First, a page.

Chinese companies are swiftly entering the auto chip manufacturing arena in response to the increasing demand in the world’s largest car market. In 2023, the number of local auto chipmakers in China exceeded 300, a nearly tenfold increase from three years prior, according to Yuan Chengyin, the general manager of the National New Energy Vehicle Technology Innovation Center, a research center funded by the Ministry of Science and Technology.
The robust demand for smart driving cars in China is a key factor driving the growth of the auto chip industry. Zhang Qiang, the chairman of Xinchi Technology, an auto chipmaker based in Wuxi, emphasized that China provides an optimal market for auto chipmakers due to the elevated demand for smart driving cars, surpassing that of other countries.
Despite overcapacity in China’s car industry, increasing exports help mitigate excessive supply, creating a substantial market for both Chinese vehicles and auto chips.
Chinese carmakers achieved record-breaking overseas sales last year, positioning China to potentially surpass Japan as the world’s leading car exporter. With over 30 million vehicles produced in 2023, Chinese car exports experienced a 58% surge to nearly 5 million units, according to data from the China Association of Automobile Manufacturers.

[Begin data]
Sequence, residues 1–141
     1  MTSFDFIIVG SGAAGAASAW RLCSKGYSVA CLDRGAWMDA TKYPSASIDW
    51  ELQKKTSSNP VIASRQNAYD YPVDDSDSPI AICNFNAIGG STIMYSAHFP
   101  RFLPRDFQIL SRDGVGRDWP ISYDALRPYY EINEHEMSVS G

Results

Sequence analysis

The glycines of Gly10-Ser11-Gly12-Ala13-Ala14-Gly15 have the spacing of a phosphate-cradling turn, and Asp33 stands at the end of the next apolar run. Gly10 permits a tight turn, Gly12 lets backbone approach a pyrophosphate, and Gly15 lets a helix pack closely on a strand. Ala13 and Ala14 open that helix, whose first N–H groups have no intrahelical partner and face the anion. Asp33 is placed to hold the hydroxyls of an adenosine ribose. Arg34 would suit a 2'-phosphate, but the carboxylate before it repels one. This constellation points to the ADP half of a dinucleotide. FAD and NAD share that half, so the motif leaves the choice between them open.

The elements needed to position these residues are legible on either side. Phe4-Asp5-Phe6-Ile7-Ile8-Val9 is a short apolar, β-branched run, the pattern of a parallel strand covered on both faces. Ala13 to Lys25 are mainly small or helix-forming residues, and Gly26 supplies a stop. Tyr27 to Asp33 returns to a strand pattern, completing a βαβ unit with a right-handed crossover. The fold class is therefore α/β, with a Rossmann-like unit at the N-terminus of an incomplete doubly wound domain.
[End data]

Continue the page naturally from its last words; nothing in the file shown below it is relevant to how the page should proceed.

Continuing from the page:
However, challenges arise in the export market, particularly regarding quality requirements for overseas models. Zhang pointed out that some domestic models may use lower-grade chips, which have higher defect rates and shorter lifespans compared to automotive-grade chips. Using subpar chips can lead to high recall costs and potential disruptions in trade relationships.
Zhang emphasized the importance of automotive-grade chips, stating that his company sold 3 million such chips last year, partnering with 90% of domestic automakers. The production of automotive-grade chips requires patience and determination, with testing for reliability and security taking two to three years.
While the current usage of local automotive-grade chips in Chinese vehicles stands at around 8% to 10%, there is potential for further growth. Barclays research analysts anticipate the production of chips in China to more than double in five to seven years, potentially leading to oversupply.
As the demand for new energy vehicles and smart driving technologies continues to rise, the development of automotive-grade chips presents a significant opportunity. Zhao Yi, deputy general manager of JW Insights, a semiconductor industry consulting company, emphasized the need for Chinese companies to enhance their competitiveness in this sector as global manufacturers enter the automotive-grade chip market.